4 Responses to “OOP Registration-Login Part II: PHP Strategy & Proxy”

  • A Captcha probably goes in the security class. However, it is not clear where sanitization and validation of user input goes? Where we display the validation errors? Shouldn’t be a validation class in the mix? Thanks.

  • Hi George,

    The Proxy (security) design pattern is simply to get from an insecure to a secure location via a proxy class. You could add a second (or third or fourth, etc.) Proxy for validation as well on “the other side” of the login proxy.

    Kindest regards,

  • Pretty much everybody is used to have login and register as methods of a class, not as separate classes interacting. I can understand the theory as it is simple and very well explained, but it differs significantly from a real life production example and the way most PHP programmers are accustomed (MVC frameworks). To the point, for authentication, usually anybody would like to have at least validation to input forms and will have to have something to control the session (and nobody would put the name of a database table in a form element). Probably will be something as a Session class, with methods to create, delete and check sessions. The validation will be some kind of strategy structure (validation algorithms) that will return an error array on validation error(s) that has to be displayed on the page. I mention I have your book on PHP patterns as well, which I enjoyed reading it, so you can direct me to its content if needed. I would love to understand how the issues mention will fit in the design presented. For me, this will probably mean passing the point of no return and become a true believer. I understand you may have limited time, but it may be well possible to already have a production-ready working example that I may research on my own, as most projects will require authentication. In this regards, I may be contacted by email as well. Eager to learn, really appreciate your teaching skills. Thank you.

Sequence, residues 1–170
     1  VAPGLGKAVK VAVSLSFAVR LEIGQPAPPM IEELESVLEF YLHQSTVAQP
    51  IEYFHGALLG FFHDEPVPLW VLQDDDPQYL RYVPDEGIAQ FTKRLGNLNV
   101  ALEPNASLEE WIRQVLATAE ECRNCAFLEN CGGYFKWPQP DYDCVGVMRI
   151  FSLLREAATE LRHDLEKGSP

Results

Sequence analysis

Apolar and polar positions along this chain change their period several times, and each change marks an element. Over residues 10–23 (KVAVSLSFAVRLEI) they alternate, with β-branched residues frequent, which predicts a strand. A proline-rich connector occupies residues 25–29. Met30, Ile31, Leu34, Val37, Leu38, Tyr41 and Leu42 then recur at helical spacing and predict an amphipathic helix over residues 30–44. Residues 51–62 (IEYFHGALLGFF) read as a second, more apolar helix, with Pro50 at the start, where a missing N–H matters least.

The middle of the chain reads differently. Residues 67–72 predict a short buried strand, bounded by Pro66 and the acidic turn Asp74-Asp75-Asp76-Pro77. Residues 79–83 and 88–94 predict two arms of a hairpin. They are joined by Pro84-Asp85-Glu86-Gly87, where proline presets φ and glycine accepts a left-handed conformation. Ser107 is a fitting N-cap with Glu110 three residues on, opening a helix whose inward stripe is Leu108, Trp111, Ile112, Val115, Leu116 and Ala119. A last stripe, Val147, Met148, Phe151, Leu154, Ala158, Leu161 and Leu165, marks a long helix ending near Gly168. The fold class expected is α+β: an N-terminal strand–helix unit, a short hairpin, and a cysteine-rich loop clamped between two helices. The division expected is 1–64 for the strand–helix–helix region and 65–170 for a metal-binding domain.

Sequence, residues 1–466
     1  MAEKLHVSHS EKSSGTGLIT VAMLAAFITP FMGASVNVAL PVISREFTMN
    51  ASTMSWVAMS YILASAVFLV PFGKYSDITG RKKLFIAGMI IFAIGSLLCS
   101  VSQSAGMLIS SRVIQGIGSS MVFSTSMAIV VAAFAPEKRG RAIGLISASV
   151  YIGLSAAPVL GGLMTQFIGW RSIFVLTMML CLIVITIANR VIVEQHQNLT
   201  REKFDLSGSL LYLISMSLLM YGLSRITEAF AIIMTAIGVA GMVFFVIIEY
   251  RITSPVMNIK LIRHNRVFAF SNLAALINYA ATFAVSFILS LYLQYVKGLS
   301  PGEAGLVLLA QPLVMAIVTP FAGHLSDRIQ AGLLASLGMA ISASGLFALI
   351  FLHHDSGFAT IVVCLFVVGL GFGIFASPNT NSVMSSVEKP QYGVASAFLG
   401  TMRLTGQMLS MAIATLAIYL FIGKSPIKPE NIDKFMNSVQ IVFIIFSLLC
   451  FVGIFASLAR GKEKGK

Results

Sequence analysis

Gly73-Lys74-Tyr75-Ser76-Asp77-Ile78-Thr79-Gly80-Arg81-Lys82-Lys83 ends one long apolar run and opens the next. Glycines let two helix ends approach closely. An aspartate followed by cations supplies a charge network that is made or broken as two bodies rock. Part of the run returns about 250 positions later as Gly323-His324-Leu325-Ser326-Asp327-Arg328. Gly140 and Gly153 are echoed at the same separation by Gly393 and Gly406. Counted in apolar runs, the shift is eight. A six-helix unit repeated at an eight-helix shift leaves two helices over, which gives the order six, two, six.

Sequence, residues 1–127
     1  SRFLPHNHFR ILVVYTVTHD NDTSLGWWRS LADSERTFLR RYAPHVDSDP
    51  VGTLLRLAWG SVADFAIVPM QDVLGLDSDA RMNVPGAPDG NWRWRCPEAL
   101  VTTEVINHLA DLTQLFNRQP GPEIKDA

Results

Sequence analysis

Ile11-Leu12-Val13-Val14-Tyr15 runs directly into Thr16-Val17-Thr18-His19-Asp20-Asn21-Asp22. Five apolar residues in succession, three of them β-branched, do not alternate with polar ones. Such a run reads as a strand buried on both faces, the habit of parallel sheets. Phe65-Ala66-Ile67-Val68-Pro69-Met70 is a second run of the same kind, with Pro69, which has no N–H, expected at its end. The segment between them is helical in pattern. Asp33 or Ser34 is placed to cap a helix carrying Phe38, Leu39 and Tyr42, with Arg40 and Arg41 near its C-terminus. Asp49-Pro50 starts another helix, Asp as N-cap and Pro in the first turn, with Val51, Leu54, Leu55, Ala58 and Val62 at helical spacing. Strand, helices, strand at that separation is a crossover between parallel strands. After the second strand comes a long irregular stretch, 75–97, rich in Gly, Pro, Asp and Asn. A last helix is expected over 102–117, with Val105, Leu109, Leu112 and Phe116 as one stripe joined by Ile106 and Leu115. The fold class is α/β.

• Hi Greg,

    In Eugène Ionesco ‘s play Rhinoceros, a small French town is beset by rhinoceros. People are horrified by the beasts at first, but gradually, over time they come to accept them and even become rhinoceros themselves. Ionesco ‘s rhinoceros are symbols for the Nazis, who at first are detested and then embraced. The sad results of such “everyone is doing it” mentality is well-known, and so when I hear “everyone is using MVC,” I cringe.

    There’s nothing wrong with MVC, and in PHP, it seems to be a portal for design patterns. That’s fine, and in 1979 when MVC was introduced it was revolutionary. When the Gang of Four published “Design Patterns” in 1995, another revolution occurred and instead of a single design pattern, we now had 23, each one for a different kind of typical programming problem. The MVC was replaced by the Observer pattern (or mimicked by it) and the 22 other patterns focused on typical programming tasks such as “login”. The Proxy pattern is actually three different types of Proxy: remote, virtual and protection. In this case the protection Proxy is employed because it is designed for the typical kinds of issues involving logins: security and ease of use. Granted, the example is quite simple, but the whole issue is providing an example that is transparent enough to see the process while actually accomplishing the task it was designed to do.

    The Proxy is coupled with the Strategy pattern to illustrate two patterns doing two different things well. I suppose that if I wanted, I could use the MVC for both, but that’s like using a single tool for building a house. You need hammers for nailing, saws for cutting and sanders for smoothing. (Of course you could use a Swiss Army knife…)

    In any event, thank you for your thoughtful comment. I appreciate comments like yours because it is clear that you had thought about it, and I hope I have responded in kind.

    Kindest regards,

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